Hvid mælk - om racialisering af mælk og laktoseintolerans i forbindelse med transnational adoption
White Milk. In Denmark, ‘lactose intolerance’ refers to a medical diagnosis and a condition where the person is unable to digest lactose, a sugar found in milk and dairy products. However, 75% of the world’s population is considered lactose intolerant which raises the question: under which circumstances is lactose intolerance considered a disease in Denmark? In order to answer this question, this article examines different subjectifying processes in relation to health, race,
ethnicity, and the consumption of food, and the relation of all of these factors to milk. The analysis focuses on a publication by the Danish adoption organization Adoption og Samfund (Adoption and Society), a special issue on food. Influenced by the work of Butler (1990, 2004), Omi & Winant (1986) and Myong (2009), I find that milk comes to determine whiteness and Danishness in the publication. Consequently, lactose tolerance functions as a figure for the normalized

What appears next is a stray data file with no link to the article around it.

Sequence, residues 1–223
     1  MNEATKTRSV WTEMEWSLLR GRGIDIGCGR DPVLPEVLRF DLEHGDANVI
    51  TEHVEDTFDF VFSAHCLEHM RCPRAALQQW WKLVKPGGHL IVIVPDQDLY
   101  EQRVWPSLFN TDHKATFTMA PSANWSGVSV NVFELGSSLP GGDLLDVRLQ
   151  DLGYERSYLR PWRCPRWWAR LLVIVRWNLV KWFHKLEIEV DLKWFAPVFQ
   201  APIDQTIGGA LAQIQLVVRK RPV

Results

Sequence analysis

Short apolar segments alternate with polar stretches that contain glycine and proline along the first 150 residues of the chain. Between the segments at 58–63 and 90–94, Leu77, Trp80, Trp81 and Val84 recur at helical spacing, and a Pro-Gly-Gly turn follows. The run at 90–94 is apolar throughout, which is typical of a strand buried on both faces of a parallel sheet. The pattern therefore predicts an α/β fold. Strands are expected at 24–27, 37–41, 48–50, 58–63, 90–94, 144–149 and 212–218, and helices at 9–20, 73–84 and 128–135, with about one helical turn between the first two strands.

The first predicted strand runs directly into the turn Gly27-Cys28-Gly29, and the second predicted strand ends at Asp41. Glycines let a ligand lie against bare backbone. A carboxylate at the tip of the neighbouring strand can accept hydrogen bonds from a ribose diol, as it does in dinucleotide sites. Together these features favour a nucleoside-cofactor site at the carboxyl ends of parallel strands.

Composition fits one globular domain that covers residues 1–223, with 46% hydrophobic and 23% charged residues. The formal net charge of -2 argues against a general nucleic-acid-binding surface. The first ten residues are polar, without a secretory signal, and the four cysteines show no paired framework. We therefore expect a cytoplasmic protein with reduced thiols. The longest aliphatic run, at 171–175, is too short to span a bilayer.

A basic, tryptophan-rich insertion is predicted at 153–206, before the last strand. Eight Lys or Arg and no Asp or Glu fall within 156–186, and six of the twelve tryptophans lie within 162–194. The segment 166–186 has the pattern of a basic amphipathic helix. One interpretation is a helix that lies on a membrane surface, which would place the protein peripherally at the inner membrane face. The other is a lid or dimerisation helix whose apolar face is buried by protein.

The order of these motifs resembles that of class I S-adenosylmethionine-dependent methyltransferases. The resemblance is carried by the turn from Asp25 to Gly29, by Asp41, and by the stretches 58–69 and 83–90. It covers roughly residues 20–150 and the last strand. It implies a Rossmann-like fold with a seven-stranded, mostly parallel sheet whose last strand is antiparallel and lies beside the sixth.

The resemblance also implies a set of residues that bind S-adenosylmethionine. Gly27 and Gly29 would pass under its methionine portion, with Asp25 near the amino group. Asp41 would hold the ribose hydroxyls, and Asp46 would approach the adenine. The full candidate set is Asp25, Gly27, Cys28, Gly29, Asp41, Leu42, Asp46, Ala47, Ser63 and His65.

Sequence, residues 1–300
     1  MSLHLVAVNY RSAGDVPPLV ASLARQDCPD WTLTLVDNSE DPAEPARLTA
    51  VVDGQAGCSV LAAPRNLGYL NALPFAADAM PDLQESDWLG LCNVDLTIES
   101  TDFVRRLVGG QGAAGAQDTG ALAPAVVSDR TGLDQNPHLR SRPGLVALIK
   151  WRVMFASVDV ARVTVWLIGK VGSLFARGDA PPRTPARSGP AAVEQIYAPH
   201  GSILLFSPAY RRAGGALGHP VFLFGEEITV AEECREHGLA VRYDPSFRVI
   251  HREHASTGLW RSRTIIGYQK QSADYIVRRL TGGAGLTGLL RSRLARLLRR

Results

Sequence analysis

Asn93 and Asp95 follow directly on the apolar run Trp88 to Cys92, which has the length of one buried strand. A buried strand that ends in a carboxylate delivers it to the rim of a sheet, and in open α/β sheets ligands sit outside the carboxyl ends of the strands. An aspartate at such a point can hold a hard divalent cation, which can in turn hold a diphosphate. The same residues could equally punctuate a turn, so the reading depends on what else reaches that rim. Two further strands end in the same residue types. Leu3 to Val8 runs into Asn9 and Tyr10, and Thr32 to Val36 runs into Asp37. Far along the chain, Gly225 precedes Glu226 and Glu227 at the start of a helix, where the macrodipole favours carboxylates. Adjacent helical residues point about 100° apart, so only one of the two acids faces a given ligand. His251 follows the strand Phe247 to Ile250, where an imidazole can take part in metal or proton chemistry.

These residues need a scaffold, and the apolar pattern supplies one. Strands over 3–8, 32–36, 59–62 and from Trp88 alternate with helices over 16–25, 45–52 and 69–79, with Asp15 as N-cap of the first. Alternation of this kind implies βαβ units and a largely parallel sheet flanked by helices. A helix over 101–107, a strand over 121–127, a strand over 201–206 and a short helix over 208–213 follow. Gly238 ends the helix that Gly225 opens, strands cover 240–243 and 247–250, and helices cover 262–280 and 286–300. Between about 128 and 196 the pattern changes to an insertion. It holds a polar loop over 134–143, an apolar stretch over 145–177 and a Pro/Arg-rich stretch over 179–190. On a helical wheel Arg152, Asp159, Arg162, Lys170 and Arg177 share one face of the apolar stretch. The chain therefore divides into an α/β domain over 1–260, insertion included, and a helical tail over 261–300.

body belonging to the white adopter, who is framed by firstness and situated in the Global North. At the same time, lactose intolerance functions as a figure for the deviant, weak, medicalized body belonging to the adoptee of colour who is framed by otherness and situated in the Global South. Hence, drinking milk (or not) positions the subject either as part of a privileged majority or an underprivileged minority.
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